Later this summer (26th -30th July), the 73rd Annual Meeting of The Meteoritical Society will take place in New York. This is certainly the single most important scientific meeting for discussion of new research results on space rocks. The programme for the event has just been announced. So later today, at our weekly meteorite research group meeting, we will collectively be taking a good look at the highlights of this forthcoming event.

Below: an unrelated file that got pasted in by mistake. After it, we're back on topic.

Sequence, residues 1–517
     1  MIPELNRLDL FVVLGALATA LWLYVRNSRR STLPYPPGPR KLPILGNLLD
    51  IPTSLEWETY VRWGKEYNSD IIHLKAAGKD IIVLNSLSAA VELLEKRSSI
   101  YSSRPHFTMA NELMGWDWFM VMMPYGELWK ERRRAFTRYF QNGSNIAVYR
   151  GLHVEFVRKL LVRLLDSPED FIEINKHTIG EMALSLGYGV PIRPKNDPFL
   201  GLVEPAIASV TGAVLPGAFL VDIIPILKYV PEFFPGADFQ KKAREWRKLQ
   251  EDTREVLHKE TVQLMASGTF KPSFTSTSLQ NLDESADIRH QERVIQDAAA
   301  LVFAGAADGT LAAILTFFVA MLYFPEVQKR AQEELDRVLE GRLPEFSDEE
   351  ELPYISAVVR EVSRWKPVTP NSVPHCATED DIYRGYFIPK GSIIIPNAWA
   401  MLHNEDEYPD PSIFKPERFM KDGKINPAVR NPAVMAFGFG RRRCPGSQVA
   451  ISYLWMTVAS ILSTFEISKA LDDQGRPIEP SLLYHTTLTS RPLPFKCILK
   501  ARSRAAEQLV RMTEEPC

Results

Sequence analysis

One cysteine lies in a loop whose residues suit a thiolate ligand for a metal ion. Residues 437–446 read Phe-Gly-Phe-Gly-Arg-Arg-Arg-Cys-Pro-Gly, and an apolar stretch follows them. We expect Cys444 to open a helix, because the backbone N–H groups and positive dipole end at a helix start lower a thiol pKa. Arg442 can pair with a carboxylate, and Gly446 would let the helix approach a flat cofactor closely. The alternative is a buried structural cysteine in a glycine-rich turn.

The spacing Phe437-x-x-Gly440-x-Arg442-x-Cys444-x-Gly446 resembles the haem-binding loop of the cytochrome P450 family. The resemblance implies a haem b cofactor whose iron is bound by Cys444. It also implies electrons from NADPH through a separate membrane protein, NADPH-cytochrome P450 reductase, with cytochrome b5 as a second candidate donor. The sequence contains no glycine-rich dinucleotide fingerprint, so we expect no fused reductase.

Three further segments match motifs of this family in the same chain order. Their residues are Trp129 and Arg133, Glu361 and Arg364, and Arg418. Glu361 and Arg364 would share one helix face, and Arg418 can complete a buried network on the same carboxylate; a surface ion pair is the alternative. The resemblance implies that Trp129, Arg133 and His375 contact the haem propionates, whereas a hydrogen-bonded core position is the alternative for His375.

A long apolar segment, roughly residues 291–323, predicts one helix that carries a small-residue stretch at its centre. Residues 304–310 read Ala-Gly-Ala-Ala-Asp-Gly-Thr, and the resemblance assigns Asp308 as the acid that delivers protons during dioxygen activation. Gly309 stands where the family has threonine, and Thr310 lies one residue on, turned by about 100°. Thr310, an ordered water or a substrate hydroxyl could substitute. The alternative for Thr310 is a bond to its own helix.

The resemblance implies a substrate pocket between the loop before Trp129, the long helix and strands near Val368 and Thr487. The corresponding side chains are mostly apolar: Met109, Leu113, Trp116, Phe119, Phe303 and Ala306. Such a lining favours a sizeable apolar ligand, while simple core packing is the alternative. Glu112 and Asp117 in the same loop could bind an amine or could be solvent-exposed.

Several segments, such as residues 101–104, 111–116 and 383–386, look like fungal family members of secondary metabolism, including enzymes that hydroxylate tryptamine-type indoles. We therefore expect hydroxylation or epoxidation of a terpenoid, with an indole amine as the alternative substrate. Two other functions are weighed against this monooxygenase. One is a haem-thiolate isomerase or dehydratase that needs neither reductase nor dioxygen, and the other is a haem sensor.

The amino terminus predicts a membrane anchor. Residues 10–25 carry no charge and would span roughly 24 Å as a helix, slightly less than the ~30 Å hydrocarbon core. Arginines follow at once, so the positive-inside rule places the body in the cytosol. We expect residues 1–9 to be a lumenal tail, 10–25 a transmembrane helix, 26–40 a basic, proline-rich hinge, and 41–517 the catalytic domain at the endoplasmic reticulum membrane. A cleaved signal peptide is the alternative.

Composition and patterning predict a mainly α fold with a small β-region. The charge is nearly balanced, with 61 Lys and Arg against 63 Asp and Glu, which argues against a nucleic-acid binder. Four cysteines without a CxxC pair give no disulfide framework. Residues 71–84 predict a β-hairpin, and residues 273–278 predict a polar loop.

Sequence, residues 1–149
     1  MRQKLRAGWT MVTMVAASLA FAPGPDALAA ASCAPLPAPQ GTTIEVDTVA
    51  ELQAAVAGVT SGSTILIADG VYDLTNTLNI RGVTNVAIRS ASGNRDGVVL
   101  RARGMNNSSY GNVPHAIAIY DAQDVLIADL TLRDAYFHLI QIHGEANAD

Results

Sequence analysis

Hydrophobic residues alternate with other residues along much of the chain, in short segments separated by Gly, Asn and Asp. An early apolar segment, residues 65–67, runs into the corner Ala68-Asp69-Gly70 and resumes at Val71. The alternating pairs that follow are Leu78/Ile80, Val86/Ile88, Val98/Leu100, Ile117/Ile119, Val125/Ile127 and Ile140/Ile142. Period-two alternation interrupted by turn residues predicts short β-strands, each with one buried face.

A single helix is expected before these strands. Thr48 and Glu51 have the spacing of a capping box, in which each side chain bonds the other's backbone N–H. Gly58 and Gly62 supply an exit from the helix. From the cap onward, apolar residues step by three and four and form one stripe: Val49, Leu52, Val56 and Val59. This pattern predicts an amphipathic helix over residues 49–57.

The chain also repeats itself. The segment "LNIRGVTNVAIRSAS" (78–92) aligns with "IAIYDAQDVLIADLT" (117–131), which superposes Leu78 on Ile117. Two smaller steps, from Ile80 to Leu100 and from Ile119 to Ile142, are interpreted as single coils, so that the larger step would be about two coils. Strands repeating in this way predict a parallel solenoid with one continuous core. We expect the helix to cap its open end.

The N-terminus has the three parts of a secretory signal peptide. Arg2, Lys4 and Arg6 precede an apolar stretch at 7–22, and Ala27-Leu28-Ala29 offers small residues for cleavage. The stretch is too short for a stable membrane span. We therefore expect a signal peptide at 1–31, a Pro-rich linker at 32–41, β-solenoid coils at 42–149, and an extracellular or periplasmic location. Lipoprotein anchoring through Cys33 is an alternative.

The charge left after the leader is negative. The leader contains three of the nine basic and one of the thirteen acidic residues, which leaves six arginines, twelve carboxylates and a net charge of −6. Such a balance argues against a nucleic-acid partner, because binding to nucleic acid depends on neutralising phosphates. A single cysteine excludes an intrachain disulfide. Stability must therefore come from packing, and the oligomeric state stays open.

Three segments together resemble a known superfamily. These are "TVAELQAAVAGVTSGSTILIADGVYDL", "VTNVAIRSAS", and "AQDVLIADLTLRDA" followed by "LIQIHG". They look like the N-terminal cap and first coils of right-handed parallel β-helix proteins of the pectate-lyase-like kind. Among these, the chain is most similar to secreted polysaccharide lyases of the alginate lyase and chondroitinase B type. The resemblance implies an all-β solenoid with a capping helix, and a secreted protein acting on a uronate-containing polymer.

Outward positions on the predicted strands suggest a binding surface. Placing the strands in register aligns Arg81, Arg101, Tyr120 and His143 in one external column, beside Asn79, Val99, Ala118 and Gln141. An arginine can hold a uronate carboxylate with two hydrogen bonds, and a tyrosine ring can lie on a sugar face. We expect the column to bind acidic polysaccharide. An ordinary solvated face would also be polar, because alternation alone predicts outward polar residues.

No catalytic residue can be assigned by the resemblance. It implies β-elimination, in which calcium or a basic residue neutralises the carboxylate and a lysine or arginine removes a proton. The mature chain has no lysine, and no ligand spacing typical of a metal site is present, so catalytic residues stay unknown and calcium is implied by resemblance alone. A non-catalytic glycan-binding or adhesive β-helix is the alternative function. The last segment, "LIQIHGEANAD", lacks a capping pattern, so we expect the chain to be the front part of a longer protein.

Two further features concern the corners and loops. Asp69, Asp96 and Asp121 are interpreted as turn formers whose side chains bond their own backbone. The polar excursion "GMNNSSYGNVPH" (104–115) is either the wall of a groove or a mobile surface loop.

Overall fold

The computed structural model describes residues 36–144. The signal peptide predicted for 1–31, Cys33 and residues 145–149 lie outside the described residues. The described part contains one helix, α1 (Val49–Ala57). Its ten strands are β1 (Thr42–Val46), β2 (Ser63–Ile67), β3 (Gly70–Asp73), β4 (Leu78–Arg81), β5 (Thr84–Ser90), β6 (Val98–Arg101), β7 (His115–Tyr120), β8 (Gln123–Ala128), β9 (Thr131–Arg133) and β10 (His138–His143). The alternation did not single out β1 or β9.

There are several reasons for undertaking this sort of exercise. As a group, we need to keep up-to-date with developments that have a direct implication for our own research. But perhaps, more importantly, we also need to make sure we are keeping ourselves well-informed about what is going on in the field as a whole. You just never know when something that appears to be a bit obscure turns out to have important implications for your own work.
Of course, scientific meetings are not just about announcing new results. They are a chance for people to make contact, put a face to a name and plan future collaborations. MetSoc, as it is commonly referred to, is hard work in the weeks before the conference yes, but also a lot of fun too.